How well do you manage your clients’ anxiety?
Let’s face it, most of the time clients don’t come to see a lawyer when everything is great in their world. Usually, clients go to a lawyer when they’re in trouble, they’re facing some kind of problem, or they are facing challenging life circumstances. Even if a client comes to you because they are facing an opportunity, there is likely to be risk involved. All of these situations are stressful and anxiety-inducing. On top of that, now they have to deal with a lawyer.
Learn more about how to manage your clients’ anxiety in the video below, or scroll down to keep reading.
While you can’t do much about your clients’ stress or anxiety around the situation that brought them to you, you can do something about two kinds of anxiety that clients experience around your representation.
Those two kinds of anxiety are what I call substantive anxiety and process anxiety.
Substantive anxiety is anxiety around the legal subject matter of the client’s claim and the outcome the client can expect to achieve. These are the areas most lawyers typically address with clients during the initial consultation and communicate throughout the client’s matter.
They include things like:
- “How much can I expect to receive from my personal injury settlement?”
- “Will my spouse be able to prevent me from seeing my children?”
- “Will I have enough assets left after taxes to take care of my children if something happens to me?”
- “Will I lose my home if I file for bankruptcy?”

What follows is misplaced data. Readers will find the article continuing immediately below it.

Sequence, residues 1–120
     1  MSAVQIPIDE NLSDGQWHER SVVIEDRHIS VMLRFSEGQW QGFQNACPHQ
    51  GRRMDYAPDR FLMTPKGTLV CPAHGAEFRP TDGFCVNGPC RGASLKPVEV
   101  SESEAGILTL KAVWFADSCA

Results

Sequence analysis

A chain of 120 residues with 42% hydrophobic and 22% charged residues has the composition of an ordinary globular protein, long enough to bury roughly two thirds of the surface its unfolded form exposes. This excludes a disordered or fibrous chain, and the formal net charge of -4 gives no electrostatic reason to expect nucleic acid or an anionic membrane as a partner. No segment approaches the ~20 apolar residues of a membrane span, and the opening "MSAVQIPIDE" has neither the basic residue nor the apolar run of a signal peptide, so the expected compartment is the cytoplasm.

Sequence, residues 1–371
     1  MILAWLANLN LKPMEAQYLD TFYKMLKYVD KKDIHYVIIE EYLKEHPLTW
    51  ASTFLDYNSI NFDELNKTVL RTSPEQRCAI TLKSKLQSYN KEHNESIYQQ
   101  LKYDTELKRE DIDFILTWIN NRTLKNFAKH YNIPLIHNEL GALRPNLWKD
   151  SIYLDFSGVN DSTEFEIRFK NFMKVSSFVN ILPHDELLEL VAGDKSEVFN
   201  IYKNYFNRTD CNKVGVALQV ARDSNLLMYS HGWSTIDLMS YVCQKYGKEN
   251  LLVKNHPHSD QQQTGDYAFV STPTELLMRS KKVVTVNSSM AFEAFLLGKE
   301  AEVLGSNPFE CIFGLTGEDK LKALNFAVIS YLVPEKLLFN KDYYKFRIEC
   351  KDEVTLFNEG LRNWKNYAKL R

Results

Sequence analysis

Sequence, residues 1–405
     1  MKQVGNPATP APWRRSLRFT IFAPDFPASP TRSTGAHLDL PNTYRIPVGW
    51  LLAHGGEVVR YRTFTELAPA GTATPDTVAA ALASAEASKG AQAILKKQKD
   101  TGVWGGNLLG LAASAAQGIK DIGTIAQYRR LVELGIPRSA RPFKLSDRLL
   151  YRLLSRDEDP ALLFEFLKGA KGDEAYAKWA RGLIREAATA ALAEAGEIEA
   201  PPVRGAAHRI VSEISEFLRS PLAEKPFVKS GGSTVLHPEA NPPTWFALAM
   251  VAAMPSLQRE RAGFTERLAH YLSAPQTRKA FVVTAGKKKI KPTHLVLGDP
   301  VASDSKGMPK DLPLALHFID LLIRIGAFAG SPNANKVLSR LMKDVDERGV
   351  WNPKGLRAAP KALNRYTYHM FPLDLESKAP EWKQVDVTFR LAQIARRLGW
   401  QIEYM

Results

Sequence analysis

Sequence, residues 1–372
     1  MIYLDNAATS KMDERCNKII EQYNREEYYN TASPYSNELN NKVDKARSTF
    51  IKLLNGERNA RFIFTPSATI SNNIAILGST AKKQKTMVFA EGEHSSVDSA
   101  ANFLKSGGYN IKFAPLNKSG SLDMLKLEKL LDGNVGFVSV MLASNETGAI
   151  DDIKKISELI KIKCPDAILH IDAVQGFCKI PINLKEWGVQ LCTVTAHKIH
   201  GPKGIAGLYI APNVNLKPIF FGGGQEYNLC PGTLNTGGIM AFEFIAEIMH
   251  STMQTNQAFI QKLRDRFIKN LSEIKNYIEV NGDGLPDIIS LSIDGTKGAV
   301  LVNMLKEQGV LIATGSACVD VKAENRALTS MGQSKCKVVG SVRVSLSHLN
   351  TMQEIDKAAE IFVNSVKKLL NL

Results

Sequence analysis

In addition to substantive anxiety, clients also have anxiety about the process. This is especially true for clients who have no previous experience with the law or this specific legal issue.
There are two parts to process anxiety. The first is anxiety about how the legal process works – for example:
- “What is a deposition?
- “Will I have to testify in court?”
- “What is the probate process like?”
- “How long will it take until my trademark is approved?”, etc.
The second is anxiety about the process of working with you. Clients are concerned about things like:
- How often they will hear from you about their case, and how you will communicate with them;
- What is the best way for them to reach you if they have a question or concern, and how available will you be for them?
- How much will this cost, how will fees be charged? What is the total budget for the matter?
Make sure that you are addressing both substantive and process anxiety with your clients throughout the engagement, but especially at the beginning of your representation.